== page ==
In the case of living with diabetes, these fluctuations can be tricky for a few. By better understanding the factors that propagate these occasions, you can maintain a strategic distance from a significant number of evil impacts with your condition over the long term.
Some of the main reason behind blood sugar fluctuation are :
- During food, your blood sugar will rise as the foods you consume are metabolized and enter the bloodstream.
- Physical or emotional stress triggers the release of hormones that can cause high blood sugar levels.
- if you have diabetes, but exercising too much can lower your blood sugar dramatically.
- For women, menstruation and menopause cause hormonal changes that affect blood sugar levels.
- due to stress, illness, injury can increases your blood sugar level.
- Many people with diabetes reach for diet drinks as a substitute for regular soda or juice because they assume that sugar-free beverages won’t raise their blood sugar.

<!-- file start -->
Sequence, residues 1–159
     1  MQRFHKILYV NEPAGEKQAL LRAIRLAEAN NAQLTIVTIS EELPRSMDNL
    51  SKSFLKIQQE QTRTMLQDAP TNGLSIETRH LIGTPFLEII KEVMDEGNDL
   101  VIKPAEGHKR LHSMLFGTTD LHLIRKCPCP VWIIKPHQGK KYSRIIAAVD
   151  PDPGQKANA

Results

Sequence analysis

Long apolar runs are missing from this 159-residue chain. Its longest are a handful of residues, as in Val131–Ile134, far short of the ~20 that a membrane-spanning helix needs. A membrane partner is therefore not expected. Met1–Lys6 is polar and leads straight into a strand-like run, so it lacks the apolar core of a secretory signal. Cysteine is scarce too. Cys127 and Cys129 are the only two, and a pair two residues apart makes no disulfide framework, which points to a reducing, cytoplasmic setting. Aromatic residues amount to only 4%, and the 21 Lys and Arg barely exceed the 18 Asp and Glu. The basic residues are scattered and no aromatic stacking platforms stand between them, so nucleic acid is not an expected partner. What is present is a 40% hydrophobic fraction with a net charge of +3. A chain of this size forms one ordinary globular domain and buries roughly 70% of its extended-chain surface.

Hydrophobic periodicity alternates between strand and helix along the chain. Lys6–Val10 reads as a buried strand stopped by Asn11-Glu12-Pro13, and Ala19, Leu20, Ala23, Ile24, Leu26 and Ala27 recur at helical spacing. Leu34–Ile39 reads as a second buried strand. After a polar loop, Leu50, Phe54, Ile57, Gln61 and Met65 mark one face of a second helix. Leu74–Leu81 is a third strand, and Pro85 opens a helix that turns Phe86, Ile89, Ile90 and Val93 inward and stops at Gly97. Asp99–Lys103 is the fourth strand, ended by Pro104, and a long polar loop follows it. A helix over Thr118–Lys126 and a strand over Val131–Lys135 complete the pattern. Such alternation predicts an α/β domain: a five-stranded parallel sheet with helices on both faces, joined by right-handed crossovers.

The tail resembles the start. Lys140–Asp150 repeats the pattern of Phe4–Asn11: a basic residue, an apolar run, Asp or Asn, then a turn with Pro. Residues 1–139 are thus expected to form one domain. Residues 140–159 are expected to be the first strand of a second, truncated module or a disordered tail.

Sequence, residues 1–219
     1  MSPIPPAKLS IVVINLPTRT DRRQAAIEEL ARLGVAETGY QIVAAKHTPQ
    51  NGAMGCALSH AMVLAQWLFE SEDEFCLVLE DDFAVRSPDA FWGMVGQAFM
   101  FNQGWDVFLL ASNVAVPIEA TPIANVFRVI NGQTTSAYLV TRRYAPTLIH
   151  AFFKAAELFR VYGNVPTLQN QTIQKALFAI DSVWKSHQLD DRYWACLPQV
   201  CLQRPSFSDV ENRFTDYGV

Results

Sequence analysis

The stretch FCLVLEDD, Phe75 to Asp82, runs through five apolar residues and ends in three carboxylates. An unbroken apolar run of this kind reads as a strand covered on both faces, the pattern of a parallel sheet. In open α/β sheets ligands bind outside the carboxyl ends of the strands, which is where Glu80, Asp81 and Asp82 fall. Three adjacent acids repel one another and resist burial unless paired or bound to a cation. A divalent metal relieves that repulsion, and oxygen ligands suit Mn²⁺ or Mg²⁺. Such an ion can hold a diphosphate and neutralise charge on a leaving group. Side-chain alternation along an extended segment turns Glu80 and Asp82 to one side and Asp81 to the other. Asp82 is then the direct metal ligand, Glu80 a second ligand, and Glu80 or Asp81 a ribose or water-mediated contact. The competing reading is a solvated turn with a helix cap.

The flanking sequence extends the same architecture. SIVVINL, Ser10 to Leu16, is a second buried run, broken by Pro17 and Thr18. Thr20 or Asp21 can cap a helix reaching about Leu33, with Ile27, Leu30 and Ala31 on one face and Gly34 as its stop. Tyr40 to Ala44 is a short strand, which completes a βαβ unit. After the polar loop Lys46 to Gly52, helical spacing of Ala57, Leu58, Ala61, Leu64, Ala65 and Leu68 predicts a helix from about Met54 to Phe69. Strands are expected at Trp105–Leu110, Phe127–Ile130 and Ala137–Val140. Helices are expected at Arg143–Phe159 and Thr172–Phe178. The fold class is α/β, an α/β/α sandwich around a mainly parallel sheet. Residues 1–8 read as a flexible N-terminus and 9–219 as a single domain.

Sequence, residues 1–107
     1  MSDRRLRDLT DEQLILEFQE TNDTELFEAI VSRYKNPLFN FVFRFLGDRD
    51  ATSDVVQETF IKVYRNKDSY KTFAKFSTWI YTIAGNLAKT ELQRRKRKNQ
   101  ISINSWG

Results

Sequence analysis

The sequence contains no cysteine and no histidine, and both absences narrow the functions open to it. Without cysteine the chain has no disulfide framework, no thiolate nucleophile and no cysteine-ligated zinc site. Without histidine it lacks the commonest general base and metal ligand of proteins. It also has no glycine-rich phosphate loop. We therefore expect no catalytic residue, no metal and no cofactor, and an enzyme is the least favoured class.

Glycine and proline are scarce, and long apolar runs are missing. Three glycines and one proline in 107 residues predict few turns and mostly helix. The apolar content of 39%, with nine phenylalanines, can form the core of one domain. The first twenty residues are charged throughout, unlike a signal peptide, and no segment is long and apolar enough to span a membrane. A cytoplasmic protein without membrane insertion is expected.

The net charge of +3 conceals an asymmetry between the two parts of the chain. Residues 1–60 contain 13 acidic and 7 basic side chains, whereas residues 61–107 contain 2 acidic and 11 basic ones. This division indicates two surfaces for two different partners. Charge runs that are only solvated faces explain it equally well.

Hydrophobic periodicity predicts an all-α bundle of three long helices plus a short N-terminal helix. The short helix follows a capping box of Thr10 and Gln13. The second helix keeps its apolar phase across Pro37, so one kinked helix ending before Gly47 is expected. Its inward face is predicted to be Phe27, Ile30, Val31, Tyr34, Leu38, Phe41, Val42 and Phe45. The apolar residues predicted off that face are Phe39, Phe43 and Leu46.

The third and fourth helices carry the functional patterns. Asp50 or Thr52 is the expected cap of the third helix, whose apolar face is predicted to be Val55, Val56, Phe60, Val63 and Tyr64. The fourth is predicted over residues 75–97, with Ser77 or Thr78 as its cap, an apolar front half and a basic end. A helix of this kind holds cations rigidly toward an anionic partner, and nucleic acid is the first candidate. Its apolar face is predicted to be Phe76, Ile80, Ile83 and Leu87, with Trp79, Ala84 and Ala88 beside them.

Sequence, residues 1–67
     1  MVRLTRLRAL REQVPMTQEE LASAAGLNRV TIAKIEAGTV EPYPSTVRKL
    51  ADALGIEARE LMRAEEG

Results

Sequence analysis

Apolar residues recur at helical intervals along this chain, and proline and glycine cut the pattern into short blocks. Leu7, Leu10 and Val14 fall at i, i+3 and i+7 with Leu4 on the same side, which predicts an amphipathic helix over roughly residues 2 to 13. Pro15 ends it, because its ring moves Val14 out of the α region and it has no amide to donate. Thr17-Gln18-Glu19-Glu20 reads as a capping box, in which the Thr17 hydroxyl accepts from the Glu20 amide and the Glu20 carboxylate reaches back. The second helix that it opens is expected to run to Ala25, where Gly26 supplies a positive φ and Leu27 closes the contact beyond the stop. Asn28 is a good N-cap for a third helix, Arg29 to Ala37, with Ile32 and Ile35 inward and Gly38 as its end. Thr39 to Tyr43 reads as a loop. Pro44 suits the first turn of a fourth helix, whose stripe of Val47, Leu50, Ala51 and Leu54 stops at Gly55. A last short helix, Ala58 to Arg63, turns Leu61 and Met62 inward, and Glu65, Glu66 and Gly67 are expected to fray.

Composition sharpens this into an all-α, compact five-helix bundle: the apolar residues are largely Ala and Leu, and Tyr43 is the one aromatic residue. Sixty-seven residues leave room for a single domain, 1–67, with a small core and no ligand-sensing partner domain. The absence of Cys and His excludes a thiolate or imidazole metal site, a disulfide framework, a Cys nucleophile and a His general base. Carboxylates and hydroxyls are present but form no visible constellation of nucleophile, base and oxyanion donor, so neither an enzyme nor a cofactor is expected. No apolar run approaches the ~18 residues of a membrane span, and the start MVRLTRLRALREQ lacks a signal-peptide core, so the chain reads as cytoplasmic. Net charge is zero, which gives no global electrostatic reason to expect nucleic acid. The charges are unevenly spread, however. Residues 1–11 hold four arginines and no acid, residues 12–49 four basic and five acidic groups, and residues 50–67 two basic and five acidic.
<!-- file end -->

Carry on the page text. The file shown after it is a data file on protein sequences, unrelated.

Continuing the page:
- steroids (used to treat inflammatory conditions, autoimmune disorders, and asthma), which can cause blood sugar to shoot up dramatically.
- Not getting enough sleep is a form of chronic stress on the body, and anytime you have added stress, you’re going to have higher blood sugar levels.
- High temperatures cause blood vessels to dilate, which can enhance insulin absorption and potentially lead to low blood sugar.
To avoid these fluctuations you need:
- you’ll want to work with your doctor or diabetes educator to identify the problem so you can take steps to correct it.
- Getting into a consistent sleep routine will improve your overall health, and you may see a subtle improvement in blood sugar
- Eating whole-grain products are good to cure these fluctuations.
- Try to stay indoors during the hottest part of the day, and monitor your blood sugar closely for changes when the mercury starts to rise.
- If you take insulin and you’re shifting time zones, be sure to work out a medication schedule with your diabetes care team before your trip so you don’t mistime any doses.
- taking too much insulin or medication at night or not eating enough in the evening.